4. Phil Mar Nadela

    Phil Mar Nadela New Member Supporting Member

    I'm not fit but I am trying. I found it hard not to be when doing FMA and it is embarrassing sometimes when I sweat like a pig.[​IMG]

    I hate weights (even though I should) so I do allot of Cardio and I do amateur boxing twice a week. It helps my foot work and speed and I Lost 10 pounds already.
     
  5. Brian R. VanCise

    Brian R. VanCise Senior Member Supporting Member

    Fitness is very, very important. I try to stay fit with a variety of different things from running, biking, mountain climbing,etc. Martial practice is another way I also stay fit. Every day for a couple of hours with lots and lots of movement. One staple that I have added is a Kettle Bell workout. I can do a very intensive ten to fifteen minute Kettle Bell workout and be exhausted afterwards where it is hard to go up and down stairs. Kettle Bells for me have brought back the joy I had when I first started weight lifting. [​IMG]
     
  6. el maldito de cebu

    el maldito de cebu New Member

    I'am interested how kettle bells work. what are the benefits of kettle bells? i would just ask for curiosity. A lot of MFR kettle bell is one on their curicullum
     
  7. geezer

    geezer Member

    I got out of the martial arts for 15 or 16 years. When I decided to come back to it, fitness was one of my concerns. At 5'8" with an average build, I was significantly overweight at 190 lbs. and really out of shape. At (then) 52, I also was dealing with limitations from old injuries. Well it took me five or six months to drop 40 lbs. and then about six more months to get so I could do more than 30-35 pull ups, well over a hundred push ups, jog up a steep mountain trail in good time and do enough ab drills to get back my six pack. And one part or another of my body was sore for the whole damn time.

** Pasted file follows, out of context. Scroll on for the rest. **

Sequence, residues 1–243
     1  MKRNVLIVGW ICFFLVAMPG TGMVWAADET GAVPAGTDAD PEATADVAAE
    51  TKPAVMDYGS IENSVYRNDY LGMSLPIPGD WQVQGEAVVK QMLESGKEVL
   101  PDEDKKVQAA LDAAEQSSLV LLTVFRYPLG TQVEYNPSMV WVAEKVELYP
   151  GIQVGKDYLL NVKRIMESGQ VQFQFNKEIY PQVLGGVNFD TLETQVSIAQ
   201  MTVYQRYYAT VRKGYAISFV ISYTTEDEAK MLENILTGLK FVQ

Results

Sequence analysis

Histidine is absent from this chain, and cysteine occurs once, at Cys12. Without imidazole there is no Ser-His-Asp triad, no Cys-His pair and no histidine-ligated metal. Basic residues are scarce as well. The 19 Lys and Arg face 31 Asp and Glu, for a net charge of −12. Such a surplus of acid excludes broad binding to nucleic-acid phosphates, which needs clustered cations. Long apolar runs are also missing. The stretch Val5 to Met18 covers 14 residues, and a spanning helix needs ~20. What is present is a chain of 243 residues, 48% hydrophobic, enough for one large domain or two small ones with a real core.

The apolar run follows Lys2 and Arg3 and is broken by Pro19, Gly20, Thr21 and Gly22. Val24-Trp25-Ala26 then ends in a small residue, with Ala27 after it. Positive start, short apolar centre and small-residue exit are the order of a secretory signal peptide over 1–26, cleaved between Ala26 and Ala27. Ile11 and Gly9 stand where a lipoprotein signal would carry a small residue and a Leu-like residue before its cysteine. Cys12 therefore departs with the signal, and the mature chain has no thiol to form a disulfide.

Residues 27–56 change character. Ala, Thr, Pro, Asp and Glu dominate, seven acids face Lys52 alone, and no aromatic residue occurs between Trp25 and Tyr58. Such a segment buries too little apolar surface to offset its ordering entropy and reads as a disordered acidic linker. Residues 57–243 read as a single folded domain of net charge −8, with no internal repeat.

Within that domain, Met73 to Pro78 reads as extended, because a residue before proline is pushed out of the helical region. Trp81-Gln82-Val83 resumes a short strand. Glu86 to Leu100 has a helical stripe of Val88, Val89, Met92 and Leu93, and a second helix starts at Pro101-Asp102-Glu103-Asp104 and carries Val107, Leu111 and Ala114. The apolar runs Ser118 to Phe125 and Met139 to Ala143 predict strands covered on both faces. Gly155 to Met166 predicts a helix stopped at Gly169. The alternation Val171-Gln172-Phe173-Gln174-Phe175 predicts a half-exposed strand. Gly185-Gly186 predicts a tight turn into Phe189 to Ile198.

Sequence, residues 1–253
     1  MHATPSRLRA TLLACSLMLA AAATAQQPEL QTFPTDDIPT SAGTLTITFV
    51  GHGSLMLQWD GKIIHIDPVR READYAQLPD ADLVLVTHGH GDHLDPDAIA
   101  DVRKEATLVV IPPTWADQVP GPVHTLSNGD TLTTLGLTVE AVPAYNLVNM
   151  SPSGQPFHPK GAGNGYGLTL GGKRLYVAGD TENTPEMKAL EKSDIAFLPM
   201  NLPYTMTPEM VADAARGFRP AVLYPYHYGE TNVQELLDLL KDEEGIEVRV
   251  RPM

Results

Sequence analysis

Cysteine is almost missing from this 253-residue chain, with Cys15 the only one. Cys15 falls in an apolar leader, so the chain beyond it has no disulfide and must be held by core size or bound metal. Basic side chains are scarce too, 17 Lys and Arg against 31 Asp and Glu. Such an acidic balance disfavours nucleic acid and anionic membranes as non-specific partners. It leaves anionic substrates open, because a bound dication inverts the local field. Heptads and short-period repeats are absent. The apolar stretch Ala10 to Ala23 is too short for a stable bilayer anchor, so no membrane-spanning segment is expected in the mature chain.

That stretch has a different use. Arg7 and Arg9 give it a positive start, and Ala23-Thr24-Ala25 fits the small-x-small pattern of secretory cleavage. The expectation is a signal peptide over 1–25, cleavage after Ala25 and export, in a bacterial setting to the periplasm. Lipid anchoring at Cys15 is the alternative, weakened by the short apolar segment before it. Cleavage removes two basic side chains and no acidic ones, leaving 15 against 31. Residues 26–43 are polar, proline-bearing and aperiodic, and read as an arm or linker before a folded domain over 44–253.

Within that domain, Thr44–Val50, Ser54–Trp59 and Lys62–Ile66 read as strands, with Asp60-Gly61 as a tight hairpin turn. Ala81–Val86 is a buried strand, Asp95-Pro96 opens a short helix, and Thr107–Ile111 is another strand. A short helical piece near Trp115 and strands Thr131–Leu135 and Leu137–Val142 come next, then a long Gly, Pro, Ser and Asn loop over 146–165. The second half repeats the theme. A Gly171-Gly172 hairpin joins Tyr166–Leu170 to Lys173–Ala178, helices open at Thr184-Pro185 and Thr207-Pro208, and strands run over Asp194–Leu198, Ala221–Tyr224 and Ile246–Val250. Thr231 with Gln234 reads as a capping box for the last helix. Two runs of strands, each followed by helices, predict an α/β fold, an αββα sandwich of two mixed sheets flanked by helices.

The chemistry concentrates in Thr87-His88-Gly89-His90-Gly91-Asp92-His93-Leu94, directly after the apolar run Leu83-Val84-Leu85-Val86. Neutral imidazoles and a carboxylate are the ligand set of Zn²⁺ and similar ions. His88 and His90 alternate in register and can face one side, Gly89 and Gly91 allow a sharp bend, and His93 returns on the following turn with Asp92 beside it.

Worse, the guys I train with didn't work at fitness half as hard and could easily beat the heck outta me with one hand. Literally. And, they may not be in perfect condition but the are strong. One of them is even "chubby". He smokes too. But when it comes to fighting, I guarantee you, he is positively dangerous.

    So what's a 53 year-old-geezer to do? I'm scaling back the fanatical fitness stuff to a much more moderate and pleasant routine. I've allowed myself to gain back 5 to 10 pounds and can't see the six-pack so clearly anymore. I'm training with that chubby guy and his teacher on a regular basis. And, I'm finding that it's a lot harder to get good than just fit!

    Now Phalanx, if you want to do UFC or full contact DBMA, I suggest you get as fit as you can. But if you are mainly looking for skills that will serve you for practical self-defense, I would suggest a more moderate approach. Of course you still have to be be strong, and strike with speed and power. But unlike cage fighting or contact stick sparring, a self defense situation doesn't go on for several rounds. At least not the way Chubbs and his teacher, Martin do it. At least, that's my take on it.
     
  8. chubbybutdangerous

    chubbybutdangerous CHUBBY MEMBER